February 04, 2003

On Columbia's Descent

CNN.com - NASA remembers 'Columbia seven' - Feb. 4, 2003

With something like the tradegy of Columbia's magnitude, it behooves me to take a few days to puzzle it out. Both because I'm not unbiased, and because this caught me unaware: I'm a big space program supporter, but I didn't even know the space shuttle was up.

Do I feel for the people up in space? Yes. But the eulogies and grieving process is being televised, and feeling sorry for myself for the Action News Team's cameras seems tacky and shallow. What with all the national tragedies, I'm thinking the nation can't grieve any more when something actually bad happens. We're a nation perpetually mourning, perpetually in tragedy. We're the Drama Queen of Nations, and everyone else is tired of it. Including us.

To flip that around, I'm also upset at the people who won't even discuss it, as if ignoring what happened about it will help. People did die; I have no idea if they were brave, but I suspect they were, and the astronauts certianly did know the risks and went anyway. It's something to honor, even if just for a minute. Turning off the TV to avoid hearing about it perpetually, that's one thing. Getting ticked because it was on in the first place is another: this is something to mourn.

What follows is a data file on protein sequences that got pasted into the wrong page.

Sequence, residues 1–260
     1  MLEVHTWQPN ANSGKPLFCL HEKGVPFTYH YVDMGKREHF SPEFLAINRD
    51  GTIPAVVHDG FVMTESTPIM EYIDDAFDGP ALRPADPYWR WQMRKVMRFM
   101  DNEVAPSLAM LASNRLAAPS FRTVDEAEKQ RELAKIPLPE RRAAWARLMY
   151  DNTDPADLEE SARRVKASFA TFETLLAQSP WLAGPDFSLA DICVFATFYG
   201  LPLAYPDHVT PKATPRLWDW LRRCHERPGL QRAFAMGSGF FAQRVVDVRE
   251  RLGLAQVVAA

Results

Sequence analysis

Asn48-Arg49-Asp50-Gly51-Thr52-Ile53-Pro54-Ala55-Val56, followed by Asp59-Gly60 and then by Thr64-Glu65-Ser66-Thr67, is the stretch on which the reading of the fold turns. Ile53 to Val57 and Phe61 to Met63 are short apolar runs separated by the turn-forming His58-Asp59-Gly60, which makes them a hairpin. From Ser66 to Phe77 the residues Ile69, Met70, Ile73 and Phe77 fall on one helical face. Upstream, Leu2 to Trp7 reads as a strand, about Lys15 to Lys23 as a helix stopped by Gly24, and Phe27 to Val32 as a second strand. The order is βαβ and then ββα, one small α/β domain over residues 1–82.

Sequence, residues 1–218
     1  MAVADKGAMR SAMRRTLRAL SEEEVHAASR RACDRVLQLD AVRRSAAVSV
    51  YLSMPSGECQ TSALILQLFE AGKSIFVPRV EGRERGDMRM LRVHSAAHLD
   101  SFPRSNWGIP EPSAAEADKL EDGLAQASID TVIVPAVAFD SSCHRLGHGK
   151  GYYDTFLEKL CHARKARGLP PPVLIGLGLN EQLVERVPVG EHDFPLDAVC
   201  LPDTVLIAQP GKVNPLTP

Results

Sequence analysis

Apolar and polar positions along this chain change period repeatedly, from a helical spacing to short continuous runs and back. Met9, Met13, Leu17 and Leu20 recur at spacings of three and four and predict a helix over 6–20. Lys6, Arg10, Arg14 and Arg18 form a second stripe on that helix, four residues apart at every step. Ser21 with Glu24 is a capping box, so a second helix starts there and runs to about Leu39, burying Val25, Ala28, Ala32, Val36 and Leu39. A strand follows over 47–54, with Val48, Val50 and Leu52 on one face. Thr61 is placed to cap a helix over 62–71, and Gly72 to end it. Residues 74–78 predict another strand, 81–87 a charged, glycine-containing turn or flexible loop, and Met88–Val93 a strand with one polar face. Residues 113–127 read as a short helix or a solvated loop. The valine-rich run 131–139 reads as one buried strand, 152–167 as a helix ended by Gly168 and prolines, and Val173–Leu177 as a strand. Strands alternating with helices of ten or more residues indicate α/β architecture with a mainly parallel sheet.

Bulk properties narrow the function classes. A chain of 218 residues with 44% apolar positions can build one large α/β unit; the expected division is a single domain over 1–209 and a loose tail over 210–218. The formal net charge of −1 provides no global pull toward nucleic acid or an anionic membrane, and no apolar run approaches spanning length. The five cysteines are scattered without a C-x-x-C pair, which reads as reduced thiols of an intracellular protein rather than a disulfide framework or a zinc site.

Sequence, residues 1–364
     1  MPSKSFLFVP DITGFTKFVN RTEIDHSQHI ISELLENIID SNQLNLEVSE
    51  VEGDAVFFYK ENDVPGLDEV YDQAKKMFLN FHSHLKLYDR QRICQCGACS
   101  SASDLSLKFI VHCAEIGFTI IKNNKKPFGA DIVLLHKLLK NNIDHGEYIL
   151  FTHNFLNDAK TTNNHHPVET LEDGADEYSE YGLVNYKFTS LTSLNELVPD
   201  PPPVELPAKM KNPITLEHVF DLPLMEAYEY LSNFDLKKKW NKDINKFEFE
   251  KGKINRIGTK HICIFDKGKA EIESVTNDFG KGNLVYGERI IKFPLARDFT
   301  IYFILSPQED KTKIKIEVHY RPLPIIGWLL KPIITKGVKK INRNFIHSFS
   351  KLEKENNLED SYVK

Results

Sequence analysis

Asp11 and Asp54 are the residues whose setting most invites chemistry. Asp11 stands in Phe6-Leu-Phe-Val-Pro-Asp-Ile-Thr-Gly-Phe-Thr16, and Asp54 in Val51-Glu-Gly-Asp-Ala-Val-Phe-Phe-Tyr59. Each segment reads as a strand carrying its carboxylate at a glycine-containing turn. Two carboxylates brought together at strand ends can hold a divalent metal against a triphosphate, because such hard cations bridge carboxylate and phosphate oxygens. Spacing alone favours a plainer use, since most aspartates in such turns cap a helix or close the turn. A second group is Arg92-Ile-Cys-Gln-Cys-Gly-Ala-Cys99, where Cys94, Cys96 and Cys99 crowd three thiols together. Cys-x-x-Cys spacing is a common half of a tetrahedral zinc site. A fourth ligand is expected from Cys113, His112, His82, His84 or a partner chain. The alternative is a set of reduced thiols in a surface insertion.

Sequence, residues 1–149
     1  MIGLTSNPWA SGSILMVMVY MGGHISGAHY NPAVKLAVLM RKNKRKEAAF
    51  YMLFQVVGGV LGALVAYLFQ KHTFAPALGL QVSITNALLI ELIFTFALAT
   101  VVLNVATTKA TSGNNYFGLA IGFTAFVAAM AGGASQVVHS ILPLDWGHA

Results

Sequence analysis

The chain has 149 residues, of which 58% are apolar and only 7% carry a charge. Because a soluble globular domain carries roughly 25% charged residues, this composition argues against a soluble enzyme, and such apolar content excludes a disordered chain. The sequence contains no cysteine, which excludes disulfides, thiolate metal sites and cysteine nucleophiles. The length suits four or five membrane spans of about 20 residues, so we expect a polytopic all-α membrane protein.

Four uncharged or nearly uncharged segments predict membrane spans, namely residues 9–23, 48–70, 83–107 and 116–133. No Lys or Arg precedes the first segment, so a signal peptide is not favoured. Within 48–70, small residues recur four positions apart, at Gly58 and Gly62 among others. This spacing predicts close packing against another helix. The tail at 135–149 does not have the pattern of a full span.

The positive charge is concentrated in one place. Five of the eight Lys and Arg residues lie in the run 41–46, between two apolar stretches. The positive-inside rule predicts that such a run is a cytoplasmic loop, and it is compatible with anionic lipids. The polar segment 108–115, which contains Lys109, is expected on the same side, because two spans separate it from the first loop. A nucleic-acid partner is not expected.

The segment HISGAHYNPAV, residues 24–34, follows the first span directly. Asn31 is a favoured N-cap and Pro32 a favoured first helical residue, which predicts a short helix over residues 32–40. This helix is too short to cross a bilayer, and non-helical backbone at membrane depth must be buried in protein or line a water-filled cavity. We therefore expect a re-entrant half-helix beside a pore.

What happens when we become so tragedy-shocked, so weary of events that we can't even properly feel bad, because we feel manipulated? You turn off, tune out, and ignore things; you can just let the news media dictate to you the "feel-bad story" of the day; or you can dig through the schmaltz that Big Media feeds to us, get to the nuggets of information, and make up your mind on your own. I choose the latter: I couldn't live with ignoring things, and I hate being manipulated.

I feel bad, all on my own, for the astronauts, for the ground crew, for the space program. I'll mourn quietly though, under a starry night filled with stars I want someone to reach.

Posted by Ted Stevko at February 4, 2003 04:14 PM